No inheritance for Anderson!
CNN anchor Anderson Cooper, who comes from the Vanderbilts, one of the wealthiest families in American history, said on March 31 that he will not be receiving any fortune from his mother Gloria Vanderbilt.
"My mom's made clear to me that there's no trust fund," Cooper told Howard Stern on his radio show. "There's none of that."
Cooper's mom is the great-great-granddaughter of railroad and shipping mogul Cornelius Vanderbilt. Still stunning at 90 years old, the Manhattan socialite and former denim designer is reportedly worth a whopping $200 million.
Gloria's equally-successful son, however, told Stern he was OK with not receiving an inheritance at all. "I don't believe in inheriting money," he said. "I think it's an initiative sucker. I think it's a curse."
Cooper explained, "Who has inherited a lot of money that has gone on to do things in their own life? From the time I was growing up, if I felt that there was some pot of gold waiting for me, I don't know that I would've been so motivated."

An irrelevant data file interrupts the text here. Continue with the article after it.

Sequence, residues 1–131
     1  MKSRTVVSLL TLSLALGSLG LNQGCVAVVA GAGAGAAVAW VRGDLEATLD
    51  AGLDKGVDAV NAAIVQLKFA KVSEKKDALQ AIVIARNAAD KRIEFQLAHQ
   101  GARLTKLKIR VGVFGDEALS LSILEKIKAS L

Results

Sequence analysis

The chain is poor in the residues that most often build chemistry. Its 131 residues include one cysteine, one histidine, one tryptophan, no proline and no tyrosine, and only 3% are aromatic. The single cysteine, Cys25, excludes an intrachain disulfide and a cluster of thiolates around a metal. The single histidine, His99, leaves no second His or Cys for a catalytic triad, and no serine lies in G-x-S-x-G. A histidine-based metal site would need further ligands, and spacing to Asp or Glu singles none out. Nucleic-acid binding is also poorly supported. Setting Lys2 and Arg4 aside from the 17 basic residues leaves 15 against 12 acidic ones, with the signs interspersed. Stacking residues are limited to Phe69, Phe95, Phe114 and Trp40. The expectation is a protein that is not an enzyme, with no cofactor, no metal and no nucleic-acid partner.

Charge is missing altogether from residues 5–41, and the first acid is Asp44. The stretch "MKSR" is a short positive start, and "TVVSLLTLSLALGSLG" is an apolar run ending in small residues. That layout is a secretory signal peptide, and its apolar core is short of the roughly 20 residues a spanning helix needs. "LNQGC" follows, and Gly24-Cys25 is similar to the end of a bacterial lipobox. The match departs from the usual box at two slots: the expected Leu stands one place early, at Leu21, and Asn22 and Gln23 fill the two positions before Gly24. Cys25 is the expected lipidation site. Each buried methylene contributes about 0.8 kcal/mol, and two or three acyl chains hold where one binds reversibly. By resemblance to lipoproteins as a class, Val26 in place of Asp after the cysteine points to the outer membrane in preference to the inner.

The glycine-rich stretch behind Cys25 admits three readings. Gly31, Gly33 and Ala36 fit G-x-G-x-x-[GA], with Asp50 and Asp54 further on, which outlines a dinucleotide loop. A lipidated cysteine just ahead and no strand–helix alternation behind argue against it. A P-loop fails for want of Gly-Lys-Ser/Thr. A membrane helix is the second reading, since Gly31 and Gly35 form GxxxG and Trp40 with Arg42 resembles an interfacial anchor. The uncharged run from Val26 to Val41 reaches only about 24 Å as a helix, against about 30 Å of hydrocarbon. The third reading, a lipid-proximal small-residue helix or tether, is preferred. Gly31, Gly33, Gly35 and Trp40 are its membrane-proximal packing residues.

Today, the reputable journalist, 46, has become a household name on his own. The CNN personality, nicknamed the "Silver Fox" by fans, reportedly rakes in $11 million a year through his contact with the network.
"I'm doing fine on my own, I don't need any [money]," he told Stern.
While Cooper had a privileged upbringing in Manhattan, the Yale grad has mentioned he was unfazed by his wealthy background -- in part, due to his father, Wyatt Emory Cooper. "I've never paid attention to it, honestly," Cooper said of the Vanderbilt family's wealth.
"My dad grew up really poor in Mississippi. ... I paid attention to that because I thought that's a healthier thing to pay attention to than like some statue of a great-great-great-grandfather who has no connection to my life."
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